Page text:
Friends focused on the happy memories yesterday: A former babysitter recalled a shy, 2-year-old Jack "Steve" Cornejo who hid behind his blanket two decades ago. A high school soccer coach remembered being welcomed on his first day of work by a 6-foot-tall, spiked-hair Cornejo, the team captain.
Behind them as they spoke, Cornejo, 23, lay in a coffin under the soft lighting of an Arlington funeral home, a framed soccer jersey propped beside him. Mourners filled the small room, often breaking out in loud sobs.
"My heart is in peace. . . . I feel it was time for him to go," Austin Cornejo said, speaking of his son.
But words painted on the rear window of a beige sport-utility vehicle outside the funeral home told a different story, expressing a demand that has galvanized friends and family in recent days: "Justice for Steve."
Cornejo, of Falls Church, was fatally shot June 25 during a fight at a Fair Oaks apartment complex. Police have questioned the shooter, but no charges have been filed -- a fact that has frustrated friends and family.
"We lose Steve, and then we feel that things are not properly done," said Corina Menjivar, Cornejo's aunt. "That's another pain, besides the loss."
Police said the investigation has been handled like any other and has not been completed. Law enforcement sources said lab results are pending, and the case may be sent to a grand jury later this month to decide whether charges are warranted.
"We are investigating this case to the fullest extent," said Lt. Richard Perez, a police spokesman. "If there's anybody who feels they have relevant information to contribute to the case, we still encourage people to call us, and we will certainly listen."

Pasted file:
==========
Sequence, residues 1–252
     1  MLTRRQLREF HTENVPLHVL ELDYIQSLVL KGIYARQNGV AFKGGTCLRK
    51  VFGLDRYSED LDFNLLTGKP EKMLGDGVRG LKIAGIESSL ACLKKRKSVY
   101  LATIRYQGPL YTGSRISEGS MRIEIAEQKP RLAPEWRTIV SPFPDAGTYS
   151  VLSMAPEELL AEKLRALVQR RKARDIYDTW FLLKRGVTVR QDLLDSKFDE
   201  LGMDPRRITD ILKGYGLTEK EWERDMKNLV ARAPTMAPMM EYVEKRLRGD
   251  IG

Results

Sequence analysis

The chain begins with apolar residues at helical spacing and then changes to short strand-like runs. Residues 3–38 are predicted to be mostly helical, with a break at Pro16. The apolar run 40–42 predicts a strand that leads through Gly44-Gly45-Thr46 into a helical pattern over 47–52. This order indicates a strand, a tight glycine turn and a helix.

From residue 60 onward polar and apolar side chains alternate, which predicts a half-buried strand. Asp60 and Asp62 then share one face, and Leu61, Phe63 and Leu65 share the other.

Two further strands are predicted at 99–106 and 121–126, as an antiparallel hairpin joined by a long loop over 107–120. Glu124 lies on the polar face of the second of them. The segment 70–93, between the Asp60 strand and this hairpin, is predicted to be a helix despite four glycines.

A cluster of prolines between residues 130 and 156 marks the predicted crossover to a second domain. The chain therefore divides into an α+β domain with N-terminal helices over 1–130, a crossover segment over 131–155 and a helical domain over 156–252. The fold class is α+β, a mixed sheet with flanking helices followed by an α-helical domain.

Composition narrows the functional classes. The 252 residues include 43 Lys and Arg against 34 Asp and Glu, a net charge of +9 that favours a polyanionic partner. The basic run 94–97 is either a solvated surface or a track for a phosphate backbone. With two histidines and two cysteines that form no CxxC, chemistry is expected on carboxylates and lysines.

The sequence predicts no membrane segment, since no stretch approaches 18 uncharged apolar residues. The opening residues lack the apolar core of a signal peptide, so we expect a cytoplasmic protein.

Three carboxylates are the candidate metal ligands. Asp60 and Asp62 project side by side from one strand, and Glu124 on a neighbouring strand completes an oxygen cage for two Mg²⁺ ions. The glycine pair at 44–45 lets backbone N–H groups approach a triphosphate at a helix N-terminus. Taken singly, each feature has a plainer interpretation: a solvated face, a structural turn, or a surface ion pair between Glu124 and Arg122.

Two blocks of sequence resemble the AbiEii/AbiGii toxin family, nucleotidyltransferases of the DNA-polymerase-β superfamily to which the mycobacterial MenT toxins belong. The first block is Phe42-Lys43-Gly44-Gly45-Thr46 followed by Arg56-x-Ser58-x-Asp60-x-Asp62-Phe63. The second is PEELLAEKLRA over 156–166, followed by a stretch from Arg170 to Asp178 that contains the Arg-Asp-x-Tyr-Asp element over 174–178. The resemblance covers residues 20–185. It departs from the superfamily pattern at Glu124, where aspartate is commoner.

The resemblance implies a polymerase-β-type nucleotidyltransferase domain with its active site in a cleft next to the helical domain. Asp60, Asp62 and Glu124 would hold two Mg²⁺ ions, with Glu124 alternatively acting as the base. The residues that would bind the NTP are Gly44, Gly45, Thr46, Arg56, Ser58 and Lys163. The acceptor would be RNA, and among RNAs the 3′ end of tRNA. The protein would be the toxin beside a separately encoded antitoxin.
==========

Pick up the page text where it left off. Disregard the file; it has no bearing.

Since the shooting, friends and family have banded together to call for an arrest. They have held two candlelight vigils and set up a Web site in Cornejo's memory. They are offering a reward for information that could lead to the shooter's arrest.
Police sources have said the altercation began as Cornejo and a woman left a party at the complex about 4:30 a.m. and began arguing loudly. A neighbor told police he was disturbed by the noise, the sources said, and followed the pair to the courtyard to ensure the woman's safety. There, Cornejo challenged and attacked the neighbor, police sources said.
The neighbor was carrying a concealed handgun. The neighbor told police that as he and Cornejo scuffled, he feared for his safety and grabbed his gun, which discharged as the two struggled, police sources said. Cornejo was killed by a gunshot to the back.
Fairfax Commonwealth's Attorney Robert F. Horan Jr. is awaiting final reports on the trajectory of the fatal wound to see whether it matches the neighbor's story, sources close to the investigation said. The prosecutor also is considering sending the case to a county grand jury, which meets the third Monday of every month, the sources said.
Menjivar said detectives have not updated family members on the case. She also said police did not notify her and other relatives of Cornejo's death, nor did they allow them to identify his body, as they requested.
"Maybe they thought that he was just anybody, just any other Latino killed . . . because he has a Spanish last name," Menjivar said.
But Perez said police have "open communication with this family." And sources said police typically do not need families to identify a body when the identity has been established, as in this case. They said police notified Cornejo's father of his death, as their policy requires.
Witnesses have told police that Cornejo instigated the fight with the neighbor but only the neighbor was carrying a gun. The witnesses also have told police that the shot was fired as Cornejo and the neighbor were wrestling and that the neighbor did not return to his apartment to retrieve a weapon.
Those close to Cornejo said they cannot imagine the young man -- who led his George Mason High School soccer team to a state championship in 2000 -- attacking anyone.
"I've seen fights on the soccer field and him walk away and be the peacekeeper," said Frank Spinello, one of Cornejo's former coaches.